To me, the whole thing feels like an idiosyncratic conglomeration of  school project + board game + Medieval Italian triptych/Cosmateque work.

On the one hand, occupying a space with enough continuity to bring the elements together (not just conceptually, but literally - having all the materials at hand and organized enough to find quickly and easily) has been critically important for me; but (but...) it seems like having distraction-free time is also essential. Hmmmmm- I'm rambling (I know I do) but to summarize:

I made something new this week that builds on past work, and I'm over-the-moon happy, because I feel like I'm starting to make the work I most want to make. (Thumbs up :D !!!)

I love to photograph "repetition with variations" 
and couldn't resist this - 
purring and dozing in harmony on "their" bed.

Kitty update - Mini had her first vet visit (she's healthy and was very brave.) (Warning:  proud-kitty-parent-gush ahead -) I'm amazed that 2 lbs of mass can contain all the tiny, perfect pieces that work together to propel this rambunctious, soft, little creature ( She's already a "helper," and she and Sunny are "adjusting" to one another.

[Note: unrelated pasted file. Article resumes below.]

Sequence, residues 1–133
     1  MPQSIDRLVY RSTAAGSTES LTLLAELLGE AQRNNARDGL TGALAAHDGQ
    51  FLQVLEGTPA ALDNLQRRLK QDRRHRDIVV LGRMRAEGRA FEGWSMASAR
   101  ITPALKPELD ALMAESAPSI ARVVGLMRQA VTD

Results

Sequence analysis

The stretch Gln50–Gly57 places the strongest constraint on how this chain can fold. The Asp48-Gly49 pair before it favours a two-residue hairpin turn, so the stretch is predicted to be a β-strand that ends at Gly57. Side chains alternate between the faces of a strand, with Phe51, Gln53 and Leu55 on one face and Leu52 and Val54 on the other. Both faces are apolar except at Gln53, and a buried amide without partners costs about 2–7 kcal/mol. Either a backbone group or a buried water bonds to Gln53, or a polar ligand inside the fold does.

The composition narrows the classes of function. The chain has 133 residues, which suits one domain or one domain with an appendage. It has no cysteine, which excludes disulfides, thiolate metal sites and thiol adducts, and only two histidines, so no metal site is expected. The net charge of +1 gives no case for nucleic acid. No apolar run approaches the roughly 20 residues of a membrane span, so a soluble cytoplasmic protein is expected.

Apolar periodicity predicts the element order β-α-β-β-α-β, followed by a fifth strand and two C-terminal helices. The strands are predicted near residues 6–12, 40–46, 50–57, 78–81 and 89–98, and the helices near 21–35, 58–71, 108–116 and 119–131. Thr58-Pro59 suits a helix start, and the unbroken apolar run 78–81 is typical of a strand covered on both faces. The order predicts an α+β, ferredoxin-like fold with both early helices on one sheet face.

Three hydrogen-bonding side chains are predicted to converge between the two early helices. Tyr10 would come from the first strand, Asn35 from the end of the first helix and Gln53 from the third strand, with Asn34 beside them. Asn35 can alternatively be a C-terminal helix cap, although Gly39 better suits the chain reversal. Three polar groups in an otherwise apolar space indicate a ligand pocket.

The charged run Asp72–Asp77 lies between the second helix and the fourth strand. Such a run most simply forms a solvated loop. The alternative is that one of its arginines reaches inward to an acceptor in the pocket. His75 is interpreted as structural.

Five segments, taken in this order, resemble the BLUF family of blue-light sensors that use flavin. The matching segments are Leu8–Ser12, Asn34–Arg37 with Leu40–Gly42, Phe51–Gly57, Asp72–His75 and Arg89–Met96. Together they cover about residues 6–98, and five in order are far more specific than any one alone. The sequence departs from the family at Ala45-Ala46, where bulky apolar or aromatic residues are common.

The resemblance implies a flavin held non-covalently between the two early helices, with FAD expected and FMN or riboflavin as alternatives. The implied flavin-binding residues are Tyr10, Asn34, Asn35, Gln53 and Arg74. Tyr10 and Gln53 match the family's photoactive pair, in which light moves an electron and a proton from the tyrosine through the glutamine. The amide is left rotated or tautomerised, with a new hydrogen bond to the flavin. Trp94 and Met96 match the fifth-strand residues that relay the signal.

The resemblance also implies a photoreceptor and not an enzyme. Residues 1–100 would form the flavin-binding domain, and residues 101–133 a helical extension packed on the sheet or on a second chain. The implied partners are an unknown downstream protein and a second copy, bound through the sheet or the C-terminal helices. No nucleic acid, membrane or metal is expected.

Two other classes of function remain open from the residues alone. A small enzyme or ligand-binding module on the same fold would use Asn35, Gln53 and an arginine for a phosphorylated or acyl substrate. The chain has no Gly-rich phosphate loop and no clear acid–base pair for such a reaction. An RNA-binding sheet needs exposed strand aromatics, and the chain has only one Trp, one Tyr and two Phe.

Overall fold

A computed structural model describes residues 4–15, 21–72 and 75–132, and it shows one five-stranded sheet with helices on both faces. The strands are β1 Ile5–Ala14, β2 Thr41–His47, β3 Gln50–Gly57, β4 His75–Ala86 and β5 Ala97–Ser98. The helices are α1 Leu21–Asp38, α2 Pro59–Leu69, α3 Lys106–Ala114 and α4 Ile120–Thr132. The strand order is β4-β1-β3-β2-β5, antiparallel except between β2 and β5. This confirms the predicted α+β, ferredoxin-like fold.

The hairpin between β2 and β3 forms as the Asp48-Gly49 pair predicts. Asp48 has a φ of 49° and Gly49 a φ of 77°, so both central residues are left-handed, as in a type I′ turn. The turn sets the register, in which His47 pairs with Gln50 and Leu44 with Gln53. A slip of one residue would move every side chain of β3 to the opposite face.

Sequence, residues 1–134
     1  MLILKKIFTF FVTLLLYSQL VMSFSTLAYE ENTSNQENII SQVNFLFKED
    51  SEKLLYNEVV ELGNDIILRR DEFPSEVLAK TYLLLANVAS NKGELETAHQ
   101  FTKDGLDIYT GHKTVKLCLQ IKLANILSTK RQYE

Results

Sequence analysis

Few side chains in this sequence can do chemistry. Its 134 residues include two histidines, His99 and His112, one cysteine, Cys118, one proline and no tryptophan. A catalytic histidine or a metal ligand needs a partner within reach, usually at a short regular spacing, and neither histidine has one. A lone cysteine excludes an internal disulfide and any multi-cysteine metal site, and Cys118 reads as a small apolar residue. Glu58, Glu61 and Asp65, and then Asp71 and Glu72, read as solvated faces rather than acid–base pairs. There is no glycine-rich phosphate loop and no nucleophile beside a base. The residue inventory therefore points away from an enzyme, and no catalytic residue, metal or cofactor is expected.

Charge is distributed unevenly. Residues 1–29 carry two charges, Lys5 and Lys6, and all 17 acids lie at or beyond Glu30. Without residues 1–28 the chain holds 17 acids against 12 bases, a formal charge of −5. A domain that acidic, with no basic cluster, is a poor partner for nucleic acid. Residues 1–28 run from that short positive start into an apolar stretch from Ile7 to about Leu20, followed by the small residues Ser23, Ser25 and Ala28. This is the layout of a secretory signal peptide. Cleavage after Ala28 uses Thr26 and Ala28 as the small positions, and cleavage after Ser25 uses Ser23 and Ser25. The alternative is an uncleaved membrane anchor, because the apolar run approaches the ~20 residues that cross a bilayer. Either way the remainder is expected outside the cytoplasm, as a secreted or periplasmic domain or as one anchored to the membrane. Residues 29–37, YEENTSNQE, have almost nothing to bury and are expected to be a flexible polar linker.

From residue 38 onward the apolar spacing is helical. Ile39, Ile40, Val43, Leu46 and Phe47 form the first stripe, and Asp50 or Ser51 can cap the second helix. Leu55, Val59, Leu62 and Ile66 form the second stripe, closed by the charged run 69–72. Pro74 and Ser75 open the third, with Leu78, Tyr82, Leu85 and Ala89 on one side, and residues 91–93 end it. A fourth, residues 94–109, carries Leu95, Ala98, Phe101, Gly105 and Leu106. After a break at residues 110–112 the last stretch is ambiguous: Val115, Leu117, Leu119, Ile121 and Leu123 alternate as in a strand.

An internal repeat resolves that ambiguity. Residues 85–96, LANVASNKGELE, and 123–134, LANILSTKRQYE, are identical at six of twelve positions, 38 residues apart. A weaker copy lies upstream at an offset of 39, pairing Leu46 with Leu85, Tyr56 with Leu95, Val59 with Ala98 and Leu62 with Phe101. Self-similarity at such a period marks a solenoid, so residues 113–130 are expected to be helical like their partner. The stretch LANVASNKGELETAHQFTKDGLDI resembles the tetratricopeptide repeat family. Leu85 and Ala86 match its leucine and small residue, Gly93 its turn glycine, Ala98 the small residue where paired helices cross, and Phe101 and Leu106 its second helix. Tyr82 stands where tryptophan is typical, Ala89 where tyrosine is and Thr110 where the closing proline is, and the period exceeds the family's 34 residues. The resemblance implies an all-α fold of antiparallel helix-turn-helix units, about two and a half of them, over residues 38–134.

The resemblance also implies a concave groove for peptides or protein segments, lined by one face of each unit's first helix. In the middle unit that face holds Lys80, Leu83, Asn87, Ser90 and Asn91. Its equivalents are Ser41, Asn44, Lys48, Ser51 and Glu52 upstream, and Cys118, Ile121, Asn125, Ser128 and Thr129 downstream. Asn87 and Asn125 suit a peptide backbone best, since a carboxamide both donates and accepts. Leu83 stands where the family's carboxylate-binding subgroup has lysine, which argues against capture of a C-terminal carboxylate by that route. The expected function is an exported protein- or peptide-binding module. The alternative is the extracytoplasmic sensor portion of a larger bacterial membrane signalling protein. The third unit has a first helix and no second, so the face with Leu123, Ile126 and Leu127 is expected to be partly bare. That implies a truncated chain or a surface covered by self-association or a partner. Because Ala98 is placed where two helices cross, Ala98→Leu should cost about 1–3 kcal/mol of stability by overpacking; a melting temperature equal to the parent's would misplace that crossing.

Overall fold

Sunday, June 9, 2013

Space/time management decision: I'm going to try posting Wednesday night/Thursday mornings instead of Sunday night/Monday mornings (since I'm no longer on an academic schedule and Wednesday, the library is open until 8 pm (a key factor to working on the blog without feline "help" keeping the keyboard warm ;))

Who me?

Monday, June 3, 2013

Between Phases

Big News! - look who came into my life this week. (:D!!)